Two days later, Howard is on the witness stand, testifying about being taught evolution by Cates in school. Brady makes a speech about the boy being torn from his faith by the teachings of science. When Drummond questions him, Howard says he wasn't hurt and that he needs to think more about what Cates taught. Drummond argues that the right to think is on trial. Davenport calls Rachel next, and she testifies that Cates dropped out of church two years ago, after her father testified that a little boy who died without being baptized was damned to hell. Brady twists her words about things Cates has told her and finally she breaks down on the stand. Brady dismisses her, and at Cates' urging, Drummond says he has no questions for her. The prosecution rests.
The defense opens its case by calling experts on evolution, zoology, and anthropology, but the judge upholds Brady's objections to all of them, saying that the townspeople have already stated, through their law, that they don't want to hear about evolution. A desperate Drummond calls Brady to the stand to testify on the Bible. Brady's pride leads him to answer Drummond's challenge. His faith reveals him to be closed-minded and he has no answers about Biblical incidents that contradict natural law back to Copernicus, demonstrating him to be more unthinking and unquestioning than faithful. He challengeds Drummond's holiness, and Drummond says that he finds the individual human mind holy. Finally, he admits that the "days" of Creation need not have been twenty-four hour days at all. But Brady goes too far, saying he knows that Darwin is wrong because God speaks to him and he acts accordingly. Drummond mocks Brady's presentation of himself as a prophet. When the courtroom clears, a shaking Brady worries that the crowd laughed at him and is comforted by his wife.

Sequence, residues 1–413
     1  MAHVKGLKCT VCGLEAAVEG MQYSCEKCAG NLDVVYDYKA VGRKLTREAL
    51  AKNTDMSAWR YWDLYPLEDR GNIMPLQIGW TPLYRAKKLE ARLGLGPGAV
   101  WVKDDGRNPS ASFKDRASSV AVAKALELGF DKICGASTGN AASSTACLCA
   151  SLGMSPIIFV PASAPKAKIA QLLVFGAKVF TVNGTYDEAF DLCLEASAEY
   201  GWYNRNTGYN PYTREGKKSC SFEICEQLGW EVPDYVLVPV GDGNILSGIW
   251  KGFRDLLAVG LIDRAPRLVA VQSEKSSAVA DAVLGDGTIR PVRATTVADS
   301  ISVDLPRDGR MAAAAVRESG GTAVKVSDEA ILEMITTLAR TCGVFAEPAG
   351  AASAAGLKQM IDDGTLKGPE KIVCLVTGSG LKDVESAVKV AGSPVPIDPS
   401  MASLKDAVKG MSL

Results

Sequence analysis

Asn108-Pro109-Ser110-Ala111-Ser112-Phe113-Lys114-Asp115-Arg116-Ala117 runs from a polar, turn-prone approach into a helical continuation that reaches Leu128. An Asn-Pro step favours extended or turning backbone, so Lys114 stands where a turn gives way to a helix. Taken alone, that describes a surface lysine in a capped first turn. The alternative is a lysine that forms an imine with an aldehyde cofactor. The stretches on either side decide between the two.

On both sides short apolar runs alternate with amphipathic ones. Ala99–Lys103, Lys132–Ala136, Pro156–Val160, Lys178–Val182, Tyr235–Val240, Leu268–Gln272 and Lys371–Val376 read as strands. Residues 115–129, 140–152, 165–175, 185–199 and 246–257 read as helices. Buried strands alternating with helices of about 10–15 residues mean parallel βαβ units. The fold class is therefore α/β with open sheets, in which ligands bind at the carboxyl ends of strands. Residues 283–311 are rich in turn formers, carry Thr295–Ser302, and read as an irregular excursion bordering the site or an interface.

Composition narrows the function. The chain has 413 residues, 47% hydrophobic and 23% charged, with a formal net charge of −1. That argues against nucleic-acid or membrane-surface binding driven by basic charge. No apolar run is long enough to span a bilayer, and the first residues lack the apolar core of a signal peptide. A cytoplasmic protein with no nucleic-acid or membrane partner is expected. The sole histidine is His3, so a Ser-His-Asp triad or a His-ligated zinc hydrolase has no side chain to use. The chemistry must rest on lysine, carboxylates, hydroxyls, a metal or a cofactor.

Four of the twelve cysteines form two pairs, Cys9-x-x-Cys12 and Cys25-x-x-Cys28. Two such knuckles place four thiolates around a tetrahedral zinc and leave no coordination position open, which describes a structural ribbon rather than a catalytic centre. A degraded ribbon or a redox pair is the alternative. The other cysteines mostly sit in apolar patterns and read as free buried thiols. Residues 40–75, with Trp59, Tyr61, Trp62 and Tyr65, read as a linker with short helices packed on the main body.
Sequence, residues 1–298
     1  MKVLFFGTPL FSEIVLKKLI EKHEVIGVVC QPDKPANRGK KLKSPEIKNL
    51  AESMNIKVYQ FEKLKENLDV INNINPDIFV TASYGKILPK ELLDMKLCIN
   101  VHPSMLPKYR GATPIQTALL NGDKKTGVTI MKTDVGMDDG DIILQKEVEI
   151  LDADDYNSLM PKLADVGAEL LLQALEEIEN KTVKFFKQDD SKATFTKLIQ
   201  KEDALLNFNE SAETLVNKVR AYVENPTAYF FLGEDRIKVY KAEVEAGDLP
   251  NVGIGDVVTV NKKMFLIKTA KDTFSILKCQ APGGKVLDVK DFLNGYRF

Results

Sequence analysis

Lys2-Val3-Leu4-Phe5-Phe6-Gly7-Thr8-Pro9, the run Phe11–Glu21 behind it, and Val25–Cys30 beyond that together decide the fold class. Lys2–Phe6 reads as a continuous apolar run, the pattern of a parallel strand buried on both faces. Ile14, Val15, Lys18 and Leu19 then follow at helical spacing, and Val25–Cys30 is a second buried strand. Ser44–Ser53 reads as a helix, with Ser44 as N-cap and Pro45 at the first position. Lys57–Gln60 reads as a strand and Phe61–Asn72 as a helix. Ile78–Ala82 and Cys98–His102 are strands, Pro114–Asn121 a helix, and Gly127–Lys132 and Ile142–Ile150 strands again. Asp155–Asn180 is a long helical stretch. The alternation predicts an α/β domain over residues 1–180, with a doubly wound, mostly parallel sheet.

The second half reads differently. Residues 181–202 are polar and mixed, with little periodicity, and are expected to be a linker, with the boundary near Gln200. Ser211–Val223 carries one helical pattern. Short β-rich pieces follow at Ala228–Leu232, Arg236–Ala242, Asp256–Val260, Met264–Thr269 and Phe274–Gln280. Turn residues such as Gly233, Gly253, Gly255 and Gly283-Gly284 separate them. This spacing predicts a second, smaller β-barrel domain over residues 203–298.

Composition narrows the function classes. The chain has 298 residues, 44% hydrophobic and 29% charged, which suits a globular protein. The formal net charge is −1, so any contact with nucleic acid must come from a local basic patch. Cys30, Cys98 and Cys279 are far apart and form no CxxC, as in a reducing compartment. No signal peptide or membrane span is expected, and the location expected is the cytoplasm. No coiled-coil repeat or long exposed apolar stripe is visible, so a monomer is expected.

The next day, Cates and Drummond await the jury's return, while Brady drowns his sorrows with food. Cates worries about what will happen to him, and Drummond compares practicing law to horse racing, reminiscing about a shiny rocking horse from his childhood that turned out to be rotten inside. The mayor warns the judge about a wire from the state capitol about the effect of the verdict on upcoming elections. Meanwhile, a radio man prepares his equipment to broadcast the verdict. Court reconvenes, and the jury has unanimously found Cates guilty. In the rush, the judge almost forgets to let Cates make a statement. He does, standing up for his actions and saying he did no wrong. The judge passes sentence on Cates merely a hundred dollar fine. Drummond says that nonetheless they will appeal.
The judge adjourns court, telling Brady he will have to make his speech after the trial concludes. Brady speaks but in the bustle of talk and movement and buying lemonade, few people listen. Finally, the radio man introduces a music program and leaves as well. Brady suddenly goes silent and collapses. He is carried out of the courtroom to the doctors, reciting the Inaugural Address he never had the chance to give. Drummond tells Cates he won in the eyes of the nation. Meeker tells Cates that Hornbeck paid his bail.
Rachel rushes in, telling Cates she has read Darwin and realizes she should not be afraid to think. The judge returns, announcing that Brady is dead. Hornbeck and Drummond argue Brady, Hornbeck calling him ignorant and Drummond calling him a misguided great man. They agree that the words he spoke to Rev. Brown were a fitting epitaph for him. Rachel and Cates decide to leave together on the same train that Drummond will take. At the end, Drummond is left alone in the courtroom with a copy of Darwin and copy of the Bible, which he puts together in their briefcase.